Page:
This project will allow you to trigger an action (like serving coffee) once a WiFi client is detected in a WiFi network (like when you or your employees get to your office).
Setup your Intel Edison
Connect the two usb cables from your computer to the Edison board (one for power, one for serial data). In OSX, open a serial connection to the board from your terminal:
screen /dev/tty.usbserial-AJ035OK6 115200 -L
The default Edison login is root. Once you're in, configure the wifi network:
Let's add the sources list to be able to download packages from the Edison. Open this file:
root@edison:~# vi /etc/opkg/base-feeds.conf
And add these lines to it (type "i" to be able to insert text in the vi editor):
Then update the sources and install the required libraries for our project:
root@edison:~# opkg update
root@edison:~# opkg install libmraa0 nano
root@edison:~# opkg install python-pip
root@edison:~# pip install ubidots
Done! now we're ready to code.
Detect when I arrive to my office
We'll use the Scapy packet sniffer to be able to detect ARP traffic in the local wifi network. Scapy is a great tool that allows you to handle network packets from the ease of a Python script. Without it, we would have to parse lots of binary code when sniffing network traffic.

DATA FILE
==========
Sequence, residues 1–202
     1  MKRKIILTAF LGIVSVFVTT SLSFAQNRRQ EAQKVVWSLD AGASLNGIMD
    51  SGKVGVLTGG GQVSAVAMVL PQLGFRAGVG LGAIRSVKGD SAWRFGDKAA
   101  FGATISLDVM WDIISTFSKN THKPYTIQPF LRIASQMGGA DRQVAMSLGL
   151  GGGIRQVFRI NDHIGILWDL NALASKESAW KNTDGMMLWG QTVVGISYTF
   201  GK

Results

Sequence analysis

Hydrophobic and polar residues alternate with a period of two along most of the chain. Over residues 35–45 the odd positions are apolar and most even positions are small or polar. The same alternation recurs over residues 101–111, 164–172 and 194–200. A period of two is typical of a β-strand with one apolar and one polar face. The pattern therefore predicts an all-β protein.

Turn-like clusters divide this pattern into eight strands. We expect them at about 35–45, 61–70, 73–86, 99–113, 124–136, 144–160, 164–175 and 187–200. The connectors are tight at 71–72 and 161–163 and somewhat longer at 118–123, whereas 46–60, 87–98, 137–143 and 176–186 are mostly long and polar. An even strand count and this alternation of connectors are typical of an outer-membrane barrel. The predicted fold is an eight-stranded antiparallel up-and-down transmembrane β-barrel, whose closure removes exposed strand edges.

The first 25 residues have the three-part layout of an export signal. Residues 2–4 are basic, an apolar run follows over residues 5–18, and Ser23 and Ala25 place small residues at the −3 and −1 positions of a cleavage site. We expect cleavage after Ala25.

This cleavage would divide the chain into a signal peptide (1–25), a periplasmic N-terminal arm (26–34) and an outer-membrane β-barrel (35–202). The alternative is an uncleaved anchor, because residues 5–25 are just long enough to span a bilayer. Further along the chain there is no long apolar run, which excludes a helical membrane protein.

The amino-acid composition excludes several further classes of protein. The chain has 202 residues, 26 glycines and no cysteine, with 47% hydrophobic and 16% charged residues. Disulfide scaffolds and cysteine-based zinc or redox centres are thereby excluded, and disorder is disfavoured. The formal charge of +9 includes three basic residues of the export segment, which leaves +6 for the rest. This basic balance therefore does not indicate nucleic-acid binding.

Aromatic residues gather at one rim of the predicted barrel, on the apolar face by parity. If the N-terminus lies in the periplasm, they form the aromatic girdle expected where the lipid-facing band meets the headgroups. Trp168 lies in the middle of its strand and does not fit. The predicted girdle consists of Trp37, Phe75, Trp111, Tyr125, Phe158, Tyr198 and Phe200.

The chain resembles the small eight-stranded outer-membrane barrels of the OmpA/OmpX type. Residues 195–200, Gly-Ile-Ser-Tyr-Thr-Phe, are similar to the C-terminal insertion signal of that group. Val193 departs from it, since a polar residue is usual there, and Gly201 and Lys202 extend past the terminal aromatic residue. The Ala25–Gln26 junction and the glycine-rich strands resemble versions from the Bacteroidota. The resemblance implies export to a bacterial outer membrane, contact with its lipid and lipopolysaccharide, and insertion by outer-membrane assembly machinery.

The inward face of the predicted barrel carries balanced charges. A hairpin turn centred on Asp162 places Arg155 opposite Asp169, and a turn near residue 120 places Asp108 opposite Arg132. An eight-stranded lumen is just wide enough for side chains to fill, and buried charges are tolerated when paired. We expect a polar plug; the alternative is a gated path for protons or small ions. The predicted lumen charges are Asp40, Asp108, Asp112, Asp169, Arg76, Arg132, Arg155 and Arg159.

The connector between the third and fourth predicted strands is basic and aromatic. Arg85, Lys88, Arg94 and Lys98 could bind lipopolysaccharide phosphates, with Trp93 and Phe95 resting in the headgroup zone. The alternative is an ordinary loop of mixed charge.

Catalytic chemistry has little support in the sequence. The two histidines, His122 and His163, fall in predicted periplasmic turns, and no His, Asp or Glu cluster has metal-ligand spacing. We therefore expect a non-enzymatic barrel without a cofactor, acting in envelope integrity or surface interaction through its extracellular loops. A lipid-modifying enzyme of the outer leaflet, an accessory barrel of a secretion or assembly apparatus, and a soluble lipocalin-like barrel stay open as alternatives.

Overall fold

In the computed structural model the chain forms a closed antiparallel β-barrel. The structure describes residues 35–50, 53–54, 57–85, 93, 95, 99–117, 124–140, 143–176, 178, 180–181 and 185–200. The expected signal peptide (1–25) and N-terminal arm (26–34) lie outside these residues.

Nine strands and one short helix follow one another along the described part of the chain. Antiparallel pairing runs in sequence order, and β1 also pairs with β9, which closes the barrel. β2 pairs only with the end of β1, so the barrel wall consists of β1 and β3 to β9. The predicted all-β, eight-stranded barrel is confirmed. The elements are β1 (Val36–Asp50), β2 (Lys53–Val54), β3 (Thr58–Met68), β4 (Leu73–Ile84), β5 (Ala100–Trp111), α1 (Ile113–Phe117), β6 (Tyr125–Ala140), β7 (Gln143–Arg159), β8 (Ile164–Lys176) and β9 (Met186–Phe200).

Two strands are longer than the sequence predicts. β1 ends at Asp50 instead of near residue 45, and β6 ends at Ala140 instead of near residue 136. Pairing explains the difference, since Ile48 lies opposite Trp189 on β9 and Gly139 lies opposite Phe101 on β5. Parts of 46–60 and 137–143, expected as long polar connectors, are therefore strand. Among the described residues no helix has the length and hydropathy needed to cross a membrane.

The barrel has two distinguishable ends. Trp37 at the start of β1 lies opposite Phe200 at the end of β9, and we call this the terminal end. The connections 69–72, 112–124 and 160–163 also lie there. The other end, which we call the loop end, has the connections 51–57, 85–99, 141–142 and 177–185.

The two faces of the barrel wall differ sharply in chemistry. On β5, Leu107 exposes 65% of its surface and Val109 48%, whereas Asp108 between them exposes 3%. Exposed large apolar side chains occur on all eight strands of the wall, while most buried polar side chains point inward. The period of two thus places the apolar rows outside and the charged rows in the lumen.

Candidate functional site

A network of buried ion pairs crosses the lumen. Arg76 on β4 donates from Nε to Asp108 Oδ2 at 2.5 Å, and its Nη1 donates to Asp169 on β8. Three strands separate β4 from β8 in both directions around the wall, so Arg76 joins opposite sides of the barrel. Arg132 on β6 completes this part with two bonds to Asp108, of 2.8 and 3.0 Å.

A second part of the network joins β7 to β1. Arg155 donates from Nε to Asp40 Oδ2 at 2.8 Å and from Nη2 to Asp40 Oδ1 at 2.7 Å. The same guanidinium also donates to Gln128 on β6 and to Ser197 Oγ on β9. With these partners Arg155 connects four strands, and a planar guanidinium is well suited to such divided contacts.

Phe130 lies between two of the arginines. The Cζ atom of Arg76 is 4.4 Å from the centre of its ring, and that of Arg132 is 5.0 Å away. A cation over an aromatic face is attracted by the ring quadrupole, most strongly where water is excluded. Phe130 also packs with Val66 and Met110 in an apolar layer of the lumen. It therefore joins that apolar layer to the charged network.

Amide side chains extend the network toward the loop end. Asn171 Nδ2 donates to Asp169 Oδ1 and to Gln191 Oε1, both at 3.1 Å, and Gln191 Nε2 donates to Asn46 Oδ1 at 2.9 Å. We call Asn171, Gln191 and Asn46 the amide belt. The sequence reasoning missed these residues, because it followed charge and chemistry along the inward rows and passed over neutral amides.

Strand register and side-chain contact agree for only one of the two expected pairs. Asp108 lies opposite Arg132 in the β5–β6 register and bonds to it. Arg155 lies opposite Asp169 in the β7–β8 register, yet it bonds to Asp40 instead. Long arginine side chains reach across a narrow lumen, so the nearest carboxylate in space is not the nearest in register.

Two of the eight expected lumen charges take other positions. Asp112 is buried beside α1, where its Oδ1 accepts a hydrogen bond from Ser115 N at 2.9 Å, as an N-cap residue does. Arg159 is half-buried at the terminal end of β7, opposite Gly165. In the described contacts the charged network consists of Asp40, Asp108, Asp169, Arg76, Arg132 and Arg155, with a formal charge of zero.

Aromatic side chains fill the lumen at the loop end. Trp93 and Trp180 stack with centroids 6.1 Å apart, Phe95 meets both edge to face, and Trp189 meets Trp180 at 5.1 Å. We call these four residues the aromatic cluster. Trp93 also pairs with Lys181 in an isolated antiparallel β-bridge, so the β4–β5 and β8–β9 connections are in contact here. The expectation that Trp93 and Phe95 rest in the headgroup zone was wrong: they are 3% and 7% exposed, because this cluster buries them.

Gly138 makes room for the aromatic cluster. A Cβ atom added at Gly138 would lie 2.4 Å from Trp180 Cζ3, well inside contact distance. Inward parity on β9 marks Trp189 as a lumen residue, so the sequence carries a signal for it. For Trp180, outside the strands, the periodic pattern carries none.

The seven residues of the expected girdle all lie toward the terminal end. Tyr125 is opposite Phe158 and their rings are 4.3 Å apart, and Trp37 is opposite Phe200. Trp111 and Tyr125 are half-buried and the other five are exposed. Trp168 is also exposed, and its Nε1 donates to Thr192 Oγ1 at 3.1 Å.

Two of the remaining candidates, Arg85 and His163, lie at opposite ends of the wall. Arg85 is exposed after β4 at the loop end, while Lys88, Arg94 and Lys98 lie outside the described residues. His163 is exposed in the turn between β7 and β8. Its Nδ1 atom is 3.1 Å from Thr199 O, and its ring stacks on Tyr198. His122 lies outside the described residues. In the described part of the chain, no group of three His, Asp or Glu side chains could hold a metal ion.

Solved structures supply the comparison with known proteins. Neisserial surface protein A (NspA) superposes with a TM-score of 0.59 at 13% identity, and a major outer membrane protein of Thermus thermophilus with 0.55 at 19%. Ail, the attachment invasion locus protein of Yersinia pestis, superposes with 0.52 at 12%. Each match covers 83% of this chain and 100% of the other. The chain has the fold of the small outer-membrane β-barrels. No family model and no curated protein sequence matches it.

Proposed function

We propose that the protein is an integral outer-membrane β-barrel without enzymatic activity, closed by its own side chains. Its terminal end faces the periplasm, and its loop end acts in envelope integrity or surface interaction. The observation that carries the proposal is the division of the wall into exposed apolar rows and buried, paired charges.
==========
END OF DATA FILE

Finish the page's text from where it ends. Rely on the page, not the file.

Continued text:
Our first script will look out for MAC addresses stored in a csv file called "dictionary.csv", and then send the value "1" to a Ubidots variable, meaning that the person arrived. If the MAC address is seen for the first time, then the script will automatically create a Ubidots variable to store the data.
Note the line:
sniff(prn = arp_count, filter="arp", store = 0)
which triggers the function "arp_count(pkt)" every time an ARP packet is sniffed. That function is where we fire multi-processes to update the Ubidots variable.
The reason I used Multiprocessing is because I needed a parallel function so that, if two users arrive at the same time, then both packets can be sniffed and updated in Ubidots.
The option "store = 0" is very important because otherwise the packets would start filling the Edison's RAM and Swap memory and it would freeze after a few hours.
Trigger a Servo when the ARP packet is Sniffed
The second script will poll that Ubidots variable all the time (the one we are sending "0" or "1" to) and activate the servo when the variable is equal to "1". I'm using the MRAA library (suggested by the Intel folks) which allows you to handle all the GPIO pins of your Edison from the Linux shell or a python script (really, no need to code in Arduino!). This allowed me to quickly handle a Servo motor from Python.
The Servo is attached to pin D3 in the Grove Kit. You can setup this Servo to trigger any physical valve, like a coffee machine. I made a simple cup holder for the sake of the demo.
Btw you can also create a "Switch" in your dashboard and control the coffee pourer manually: